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Members challenged on their approach to disruption, diversity and innovation

Attracting and retaining millennial talent will become key to driving change

Businesses are on the brink of unprecedented disruption driven by technological and societal changes, and must ratchet up the speed with which they are responding, members heard at a joint thought leadership event with Willis Towers Watson's Gender Equity Network.

Despite the fact that in ten years' time, 85% of jobs will not exist like they do now, many businesses still underestimate the pace and scale of change. Indeed, according to Chris Langdon, co-author of Think the Unthinkable, many businesses routinely ignore some of their most pressing risks. "It's extremely difficult to make an organisation change," he said.

Large organisations are struggling to be flexible and agile, agreed Julia Graham, Airmic's deputy CEO and technical director. "We need to speed up our innovative thinking," she said. "Bury your head in the sand and you'll get swallowed. Once the change starts it speeds up."

Different is better than best

What is the WTW Gender Equity Network:

The Gender Equity Inclusion Network is a community within Willis Towers Watson who are committed to engaging colleagues in accelerating gender balance. With networks across the globe, activities are focused on supporting work / life balance for all; helping the career development and advancement of women; and creating awareness and supporting WTW achieve its Paradigm for Parity commitment.

Achieving innovative thinking is closely linked to issues around diversity, according to Tamara Box, managing partner at law firm Reed Smith, speaking in a panel debate. "We do our best thinking when we feel a little challenged [by different points of view]. Diversity makes us smarter. Research shows that diverse groups get to better answers."

A company's hiring process is key for implementing change, agreed Tim Murray, Airmic chairman. Don't just look for the right technical skills, he advised, but look for diversity of thought and aim to get a good and widely diverse gender, generational, cultural and personality mix. "When hiring, I look not only at people's technical skills but also how they think - what they read, what their outside interests are. I look for fit in a team and for future potential. Whether they are good at listening and communicating is also key."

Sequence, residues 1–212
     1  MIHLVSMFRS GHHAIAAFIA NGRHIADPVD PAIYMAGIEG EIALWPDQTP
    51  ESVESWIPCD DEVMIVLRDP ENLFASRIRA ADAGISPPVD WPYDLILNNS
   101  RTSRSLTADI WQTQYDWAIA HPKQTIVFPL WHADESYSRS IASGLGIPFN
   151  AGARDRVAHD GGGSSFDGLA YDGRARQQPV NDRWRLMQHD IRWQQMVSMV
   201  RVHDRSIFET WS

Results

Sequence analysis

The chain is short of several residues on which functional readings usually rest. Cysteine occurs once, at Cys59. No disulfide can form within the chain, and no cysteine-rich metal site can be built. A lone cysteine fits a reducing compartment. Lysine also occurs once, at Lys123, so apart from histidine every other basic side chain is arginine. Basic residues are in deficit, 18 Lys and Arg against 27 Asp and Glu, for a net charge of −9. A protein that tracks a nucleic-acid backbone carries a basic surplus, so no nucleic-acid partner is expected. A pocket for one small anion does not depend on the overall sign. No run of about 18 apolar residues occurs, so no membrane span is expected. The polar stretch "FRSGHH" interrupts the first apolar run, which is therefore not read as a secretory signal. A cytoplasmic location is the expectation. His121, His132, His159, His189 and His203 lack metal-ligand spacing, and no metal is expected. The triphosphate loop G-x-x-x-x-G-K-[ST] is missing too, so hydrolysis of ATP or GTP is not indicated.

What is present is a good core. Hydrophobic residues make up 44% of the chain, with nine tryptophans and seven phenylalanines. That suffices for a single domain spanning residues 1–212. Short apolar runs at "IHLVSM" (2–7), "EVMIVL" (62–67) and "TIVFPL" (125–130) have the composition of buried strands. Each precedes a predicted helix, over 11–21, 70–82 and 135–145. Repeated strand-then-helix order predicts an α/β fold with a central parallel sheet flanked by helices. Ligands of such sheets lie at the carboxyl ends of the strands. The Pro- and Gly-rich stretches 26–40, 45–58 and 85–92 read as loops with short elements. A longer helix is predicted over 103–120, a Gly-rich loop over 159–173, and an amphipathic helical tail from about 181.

No one does a job in a vacuum, Ms Box added. "It's not about the best person for the job. It's the best person for the team. Different is better than best."

Five millennial demands

The millennial generation will be central to driving change, and companies that don't adapt to the demands and preferences of the younger generations will not only struggle to attract talent, but will fail to be nimble in the face of disruption, delegates heard.

According to Amanda Scott, talent & rewards leader Great Britain and global client relationship director at Willis Towers Watson, there are five key things millennials want in the workplace: less hierarchy; a voice that is heard; to be able to think the unthinkable; to learn and grow, even if it means making sideways career moves; and authenticity.

Ms Scott said the notion of a work-life balance was "old news" for millennials. "It's work-life integration for this generation."

A new risk environment

The disruption maybe daunting, but the opportunities for all professionals are enormous, delegates heard. While many reports focus on the potential loss of jobs from new technology such as artificial intelligence, Ms Scott noted that for every one job lost from the internet, 2.6 were created. People and businesses must be forward thinking: "Technology is only a disruptor if you didn't think of it first."

For the risk profession, the opportunities are enormous, said Airmic's Ms Graham, but only if individuals are "willing to stand up and take the challenge". For example, when businesses "reinvent purpose" in the face of disruption, they put themselves into a new risk environment. It's up to the risk professional to ensure the risk appetite reflects these changes and does not inhibit the process of change, she argued.

"If you help with this, you're stepping up to have strategic influence," she added. "You are helping to synchronise your organisation's operational, strategic and tactical repositioning. Risk managers are well-placed to do this."